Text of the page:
“The work of government is noble. The people of government are amazing. The systems of government are a mess.” – Ken Miller, Author of Extreme Government Makeover
In the book, Extreme Government Makeover, the author, Ken Miller likens government systems and processes to an old house in need of remodeling.
When you lift the flooring and take a closer look at how things are operating, there are severe plumbing issues. The pipes are twisted into knots and they aren’t big enough to meet the demand. After years of neglect, patch jobs and re-work, the pipes have capacity issues.
Leaky Pipes Encourage Mold
Not only that, but now there’s mold. Mold is the analogy for old management philosophies – moldy thinking about people being the problem instead of the systems. Mold flourishes in the hallways of government.
Mold is the analogy for old management philosophies – moldy thinking about people being the problem instead of the systems. Mold flourishes in the hallways of government.
Miller says, “The systems of government – the pipes – are a mess. They’re kinked up, by decades of specialization, reorganizations, cover-your-a** (CYA) efforts, cost-cutting and abandoned technology projects. They’ve been outsourced, in-sourced, down-sized, right-sized, and zero-based budgeted. And now, they’re so twisted and slow, they make a silly straw look efficient.”
Blame the Process, Not the People
Government workers are victims of poorly designed processes and, unfortunately, have to work in them everyday. We should feel sorry for them, but instead we blame them! What would you do if you were blamed for a process you didn’t design, were forced to work in, and had little control over changing? Think about how much process design impacts productivity. If you put a good worker up against a bad process, who will win? Will it be the worker or the process?
What would you do if you were blamed for a process you didn’t design, were forced to work in, and had little control over changing?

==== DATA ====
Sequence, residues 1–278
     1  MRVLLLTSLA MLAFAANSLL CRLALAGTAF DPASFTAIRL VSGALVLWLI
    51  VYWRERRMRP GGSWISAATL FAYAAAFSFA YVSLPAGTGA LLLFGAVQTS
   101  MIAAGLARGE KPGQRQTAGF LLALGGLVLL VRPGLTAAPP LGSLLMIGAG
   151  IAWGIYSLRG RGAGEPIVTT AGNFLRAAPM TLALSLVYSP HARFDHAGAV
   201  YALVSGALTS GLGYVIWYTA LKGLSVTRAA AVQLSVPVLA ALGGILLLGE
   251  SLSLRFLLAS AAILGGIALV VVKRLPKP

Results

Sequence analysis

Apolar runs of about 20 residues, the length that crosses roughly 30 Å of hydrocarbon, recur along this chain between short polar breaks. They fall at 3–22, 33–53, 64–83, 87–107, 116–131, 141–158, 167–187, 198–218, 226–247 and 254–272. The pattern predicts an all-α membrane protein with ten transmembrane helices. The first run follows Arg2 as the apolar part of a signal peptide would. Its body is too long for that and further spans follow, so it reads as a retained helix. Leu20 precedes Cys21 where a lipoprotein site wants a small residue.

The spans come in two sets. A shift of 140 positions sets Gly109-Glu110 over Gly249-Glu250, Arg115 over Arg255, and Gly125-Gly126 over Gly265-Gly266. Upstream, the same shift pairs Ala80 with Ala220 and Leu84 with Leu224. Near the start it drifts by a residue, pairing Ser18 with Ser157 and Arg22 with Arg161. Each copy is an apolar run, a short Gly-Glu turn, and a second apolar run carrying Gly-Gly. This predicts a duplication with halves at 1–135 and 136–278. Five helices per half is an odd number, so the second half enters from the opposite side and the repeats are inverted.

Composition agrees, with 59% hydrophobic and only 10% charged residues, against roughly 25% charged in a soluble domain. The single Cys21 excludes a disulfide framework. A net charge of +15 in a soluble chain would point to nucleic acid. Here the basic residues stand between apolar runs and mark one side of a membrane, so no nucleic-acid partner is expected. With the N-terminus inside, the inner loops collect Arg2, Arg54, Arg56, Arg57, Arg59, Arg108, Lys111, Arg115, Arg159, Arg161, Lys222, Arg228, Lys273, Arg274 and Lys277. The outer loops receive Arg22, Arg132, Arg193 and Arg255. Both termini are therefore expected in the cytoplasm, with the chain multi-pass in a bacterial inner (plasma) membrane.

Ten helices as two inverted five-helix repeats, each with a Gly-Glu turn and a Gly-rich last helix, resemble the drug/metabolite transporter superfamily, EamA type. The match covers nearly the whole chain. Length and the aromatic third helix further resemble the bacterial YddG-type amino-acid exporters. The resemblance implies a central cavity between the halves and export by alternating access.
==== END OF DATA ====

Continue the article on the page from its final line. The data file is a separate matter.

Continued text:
W. Edwards Deming, a statistician and expert that many consider a Grand-Daddy of quality says, “A bad system will beat a good person every time.” The worker may “win” in the short-term with concerted effort, but eventually the worker will be worn down by poor process design.
90% of problems are system-related and only 10% of problems are people-related.
90% of problems are system-related and only 10% of problems are people-related. However, many view it as just the opposite. Only 10% of the time do we look at the system, and 90% of the time we want to blame the workers regardless of who designed the process..
In his book, Miller’s improvement options are:
- Increase the size of the pipes
- Reduce the amount of water running through the pipes
- Straighten the pipes by applying process improvement
There are many government organizations attempting Option 3 and embarking on a Lean journey to straighten out the pipes of government processes. If they choose to fix the “plumbing” I tell them to roll up their sleeves because it’s hard work.
Encourage & Empower
I’ve seen what these workers face first hand. It can be very difficult to maneuver through the ancient infrastructure of bureaucracy, understand the customers of each and every process and meet customer and stakeholder requirements. This requires an investment in people; encourage them to learn and apply process improvement skills, give them time to analyze and redesign the processes and, finally, allow them to execute change.
In addition, government workers have something else hanging over their head. If you make a mistake you could end up in the newspaper as another example of poorly spent taxpayer dollars. The message here is, “don’t take any risks.” No wonder it’s difficult to change anything!
Despite the risk and the odds, government workers are successfully straightening the pipes. It takes courage each time a government employee applies process improvement. And with every small success courage grows. I have seen government employees achieve amazing success, from staggering reductions in permit cycle times, to placing foster children in homes faster, to saving lives. This is one of the reasons why improving government processes is so rewarding.
Building a Brighter Tomorrow
Even though reading the news makes it seem like government is laying more outdated plumbing, I’m hoping that with increased application of the Lean Six Sigma toolkit, one day Americans will feel differently about government workers. There are good things happening right now in city and state governments all over the country.
As Ken Miller says, “The work of government is noble. The people of government are amazing. The systems of government are a mess. Let’s work together to make them great.” Amen.